I stooped down to fish out my quart-sized baggie of shampoo, toothpaste, eye drops, and other contraband. The top zipper compartment of my suitcase where I keep such things, was empty. I blinked, trying to let the impact of this hit my brain (I don’t know why I thought blinking would help). The compartment was still empty. Don’t panic, I warned myself—there’s a logical explanation, and I still have time. Lots and lots of time, as it turned out. Perhaps at the last minute I stuck the baggie in the lower compartment where I usually carry my books. Ugh. That compartment was empty, too. Where the heck were my books? Okay, you can panic a little bit, I gave myself permission. Next, I tried the main part of my suitcase, where all my clothes were neatly packed. What the heck? Black Levis, a yellow sweatshirt, a pair of huge running shoes, socks I wouldn’t be caught dead in, and a bottle of booze? This is not my suitcase. I looked around wildly, fighting an urge to burst into tears.
“This is not my suitcase,” I said to the x-ray machine attendant. She stooped down, picked up the bottle of Whisky, and said, “Is this your alcohol?” I smacked my head in frustration and panic.
“It’s not my alcohol. It’s not even my suitcase,” I stage-whispered, to avoid shouting at her.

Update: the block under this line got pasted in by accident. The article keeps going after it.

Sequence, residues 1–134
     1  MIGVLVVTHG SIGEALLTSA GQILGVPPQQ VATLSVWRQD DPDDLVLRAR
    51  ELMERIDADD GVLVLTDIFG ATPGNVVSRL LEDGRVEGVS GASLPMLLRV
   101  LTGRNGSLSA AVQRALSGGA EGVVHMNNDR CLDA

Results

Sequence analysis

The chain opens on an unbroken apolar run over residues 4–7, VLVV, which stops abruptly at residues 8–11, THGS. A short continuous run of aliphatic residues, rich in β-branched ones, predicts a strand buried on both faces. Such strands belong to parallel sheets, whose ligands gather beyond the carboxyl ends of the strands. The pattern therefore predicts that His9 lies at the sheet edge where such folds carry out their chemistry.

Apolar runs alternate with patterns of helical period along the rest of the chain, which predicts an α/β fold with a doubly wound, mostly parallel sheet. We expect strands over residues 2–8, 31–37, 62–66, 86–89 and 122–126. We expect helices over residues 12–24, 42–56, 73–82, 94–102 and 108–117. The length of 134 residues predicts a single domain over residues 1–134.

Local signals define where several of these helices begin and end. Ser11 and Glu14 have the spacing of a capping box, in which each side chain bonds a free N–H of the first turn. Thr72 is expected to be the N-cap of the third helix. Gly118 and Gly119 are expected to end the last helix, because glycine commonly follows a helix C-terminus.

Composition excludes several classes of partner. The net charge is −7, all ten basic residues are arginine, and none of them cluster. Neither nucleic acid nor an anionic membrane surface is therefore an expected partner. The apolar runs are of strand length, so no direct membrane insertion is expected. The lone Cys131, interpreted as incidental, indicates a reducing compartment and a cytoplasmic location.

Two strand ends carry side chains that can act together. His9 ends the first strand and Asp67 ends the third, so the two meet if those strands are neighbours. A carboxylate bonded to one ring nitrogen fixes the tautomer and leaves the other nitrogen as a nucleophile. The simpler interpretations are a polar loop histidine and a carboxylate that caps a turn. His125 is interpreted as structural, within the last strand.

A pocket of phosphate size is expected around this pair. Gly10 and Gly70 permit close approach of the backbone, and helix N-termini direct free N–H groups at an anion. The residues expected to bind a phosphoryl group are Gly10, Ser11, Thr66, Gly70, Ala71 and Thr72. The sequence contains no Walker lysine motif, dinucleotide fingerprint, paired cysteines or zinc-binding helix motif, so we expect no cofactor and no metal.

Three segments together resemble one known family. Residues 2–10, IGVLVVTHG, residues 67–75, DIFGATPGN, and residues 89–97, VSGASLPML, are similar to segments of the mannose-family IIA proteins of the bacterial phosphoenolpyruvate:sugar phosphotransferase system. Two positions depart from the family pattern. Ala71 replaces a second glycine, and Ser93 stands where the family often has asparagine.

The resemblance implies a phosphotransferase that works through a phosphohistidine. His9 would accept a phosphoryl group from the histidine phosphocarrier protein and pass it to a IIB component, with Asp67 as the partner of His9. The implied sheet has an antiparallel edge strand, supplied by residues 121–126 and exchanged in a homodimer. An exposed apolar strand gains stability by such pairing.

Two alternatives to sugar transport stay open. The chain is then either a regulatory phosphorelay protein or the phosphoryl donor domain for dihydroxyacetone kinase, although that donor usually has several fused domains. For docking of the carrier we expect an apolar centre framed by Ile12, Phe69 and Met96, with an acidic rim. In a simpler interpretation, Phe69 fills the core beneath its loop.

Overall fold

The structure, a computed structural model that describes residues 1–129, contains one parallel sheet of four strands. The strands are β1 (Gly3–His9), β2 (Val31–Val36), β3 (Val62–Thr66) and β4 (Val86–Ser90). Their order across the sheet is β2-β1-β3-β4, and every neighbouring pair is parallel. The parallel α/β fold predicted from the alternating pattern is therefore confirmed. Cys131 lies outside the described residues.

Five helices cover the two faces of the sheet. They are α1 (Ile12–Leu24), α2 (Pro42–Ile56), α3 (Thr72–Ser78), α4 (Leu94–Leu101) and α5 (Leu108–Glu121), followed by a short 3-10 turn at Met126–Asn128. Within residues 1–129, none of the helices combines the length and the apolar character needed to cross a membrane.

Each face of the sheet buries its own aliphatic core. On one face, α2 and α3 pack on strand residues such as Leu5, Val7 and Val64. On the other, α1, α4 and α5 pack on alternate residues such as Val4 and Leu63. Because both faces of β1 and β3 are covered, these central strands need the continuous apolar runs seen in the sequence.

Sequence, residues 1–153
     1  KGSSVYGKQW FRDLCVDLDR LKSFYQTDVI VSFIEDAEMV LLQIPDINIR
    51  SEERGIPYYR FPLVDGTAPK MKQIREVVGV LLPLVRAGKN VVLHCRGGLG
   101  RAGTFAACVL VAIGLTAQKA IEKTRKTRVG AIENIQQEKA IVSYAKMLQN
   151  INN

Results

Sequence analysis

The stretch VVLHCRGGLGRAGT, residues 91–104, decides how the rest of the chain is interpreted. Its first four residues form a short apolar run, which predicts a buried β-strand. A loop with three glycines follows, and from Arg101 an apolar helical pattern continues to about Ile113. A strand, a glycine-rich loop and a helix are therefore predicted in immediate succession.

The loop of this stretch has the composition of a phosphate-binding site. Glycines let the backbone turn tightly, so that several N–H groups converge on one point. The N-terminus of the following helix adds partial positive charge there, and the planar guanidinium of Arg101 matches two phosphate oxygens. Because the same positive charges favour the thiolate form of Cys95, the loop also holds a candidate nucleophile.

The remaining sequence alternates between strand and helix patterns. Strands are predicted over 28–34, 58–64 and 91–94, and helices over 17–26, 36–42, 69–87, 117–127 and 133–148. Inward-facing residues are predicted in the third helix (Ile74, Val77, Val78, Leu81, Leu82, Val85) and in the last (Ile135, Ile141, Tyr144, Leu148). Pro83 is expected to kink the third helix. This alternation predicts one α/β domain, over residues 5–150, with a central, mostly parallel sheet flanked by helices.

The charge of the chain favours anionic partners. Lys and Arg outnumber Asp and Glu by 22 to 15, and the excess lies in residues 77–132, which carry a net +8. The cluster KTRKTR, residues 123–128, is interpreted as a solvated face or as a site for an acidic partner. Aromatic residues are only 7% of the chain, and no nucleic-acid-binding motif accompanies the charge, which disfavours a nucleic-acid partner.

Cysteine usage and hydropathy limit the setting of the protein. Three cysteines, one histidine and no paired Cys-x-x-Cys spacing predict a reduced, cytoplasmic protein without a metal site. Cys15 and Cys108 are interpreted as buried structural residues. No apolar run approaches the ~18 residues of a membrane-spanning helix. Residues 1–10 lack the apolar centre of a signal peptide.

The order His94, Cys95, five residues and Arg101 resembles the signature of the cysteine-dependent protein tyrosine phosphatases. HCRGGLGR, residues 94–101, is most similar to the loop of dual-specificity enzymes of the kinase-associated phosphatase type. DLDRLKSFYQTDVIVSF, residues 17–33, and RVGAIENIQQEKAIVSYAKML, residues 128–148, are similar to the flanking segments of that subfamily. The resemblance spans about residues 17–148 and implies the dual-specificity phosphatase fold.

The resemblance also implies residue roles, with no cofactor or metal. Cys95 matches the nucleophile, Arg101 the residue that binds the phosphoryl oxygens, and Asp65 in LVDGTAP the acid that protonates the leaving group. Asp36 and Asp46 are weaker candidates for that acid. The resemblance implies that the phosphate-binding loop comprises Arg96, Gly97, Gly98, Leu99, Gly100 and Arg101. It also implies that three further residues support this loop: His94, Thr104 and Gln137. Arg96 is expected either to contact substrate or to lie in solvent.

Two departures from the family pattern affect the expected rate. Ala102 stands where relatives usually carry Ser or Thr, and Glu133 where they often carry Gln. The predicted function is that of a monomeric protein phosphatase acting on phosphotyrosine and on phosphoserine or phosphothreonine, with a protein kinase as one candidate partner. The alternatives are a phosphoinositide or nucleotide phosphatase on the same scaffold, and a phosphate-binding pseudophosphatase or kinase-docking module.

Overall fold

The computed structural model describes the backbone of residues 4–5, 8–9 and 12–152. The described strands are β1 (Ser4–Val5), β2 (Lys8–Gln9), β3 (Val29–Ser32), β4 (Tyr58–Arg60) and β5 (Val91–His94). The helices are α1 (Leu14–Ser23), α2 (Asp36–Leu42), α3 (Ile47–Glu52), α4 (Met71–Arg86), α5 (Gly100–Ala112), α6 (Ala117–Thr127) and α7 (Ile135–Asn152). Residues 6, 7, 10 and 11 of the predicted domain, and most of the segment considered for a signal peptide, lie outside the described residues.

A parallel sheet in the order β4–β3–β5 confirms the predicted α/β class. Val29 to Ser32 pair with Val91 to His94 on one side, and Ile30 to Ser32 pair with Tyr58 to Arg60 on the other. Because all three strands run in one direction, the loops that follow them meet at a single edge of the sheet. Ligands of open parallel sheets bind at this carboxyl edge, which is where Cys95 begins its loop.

The woman called two more guards over, who eyed the alcohol and then me with raised eyebrows. The woman explained that it wasn’t my suitcase.
“You brought it through Security, right?” one guard asked. I nodded. “So, it’s your responsibility. What do you want to do with it? You can’t check it through, you know.”
By now, my body was shaking. I was supposed to be sound asleep on my red-eye. Instead I was facing a wide-awake nightmare. “It’s. Not. My. Suitcase,” I said again, very slowly. “I don’t want it. I want my suitcase, but I don’t know where it is.”
What happened next, was a Keystone Cops routine of going from Security, back to the ticketing agent, to the Lost and Found, back up to Security, several times over. No one knew what to do with a tired, weepy old woman who was carrying illegal alcohol and someone else's suitcase.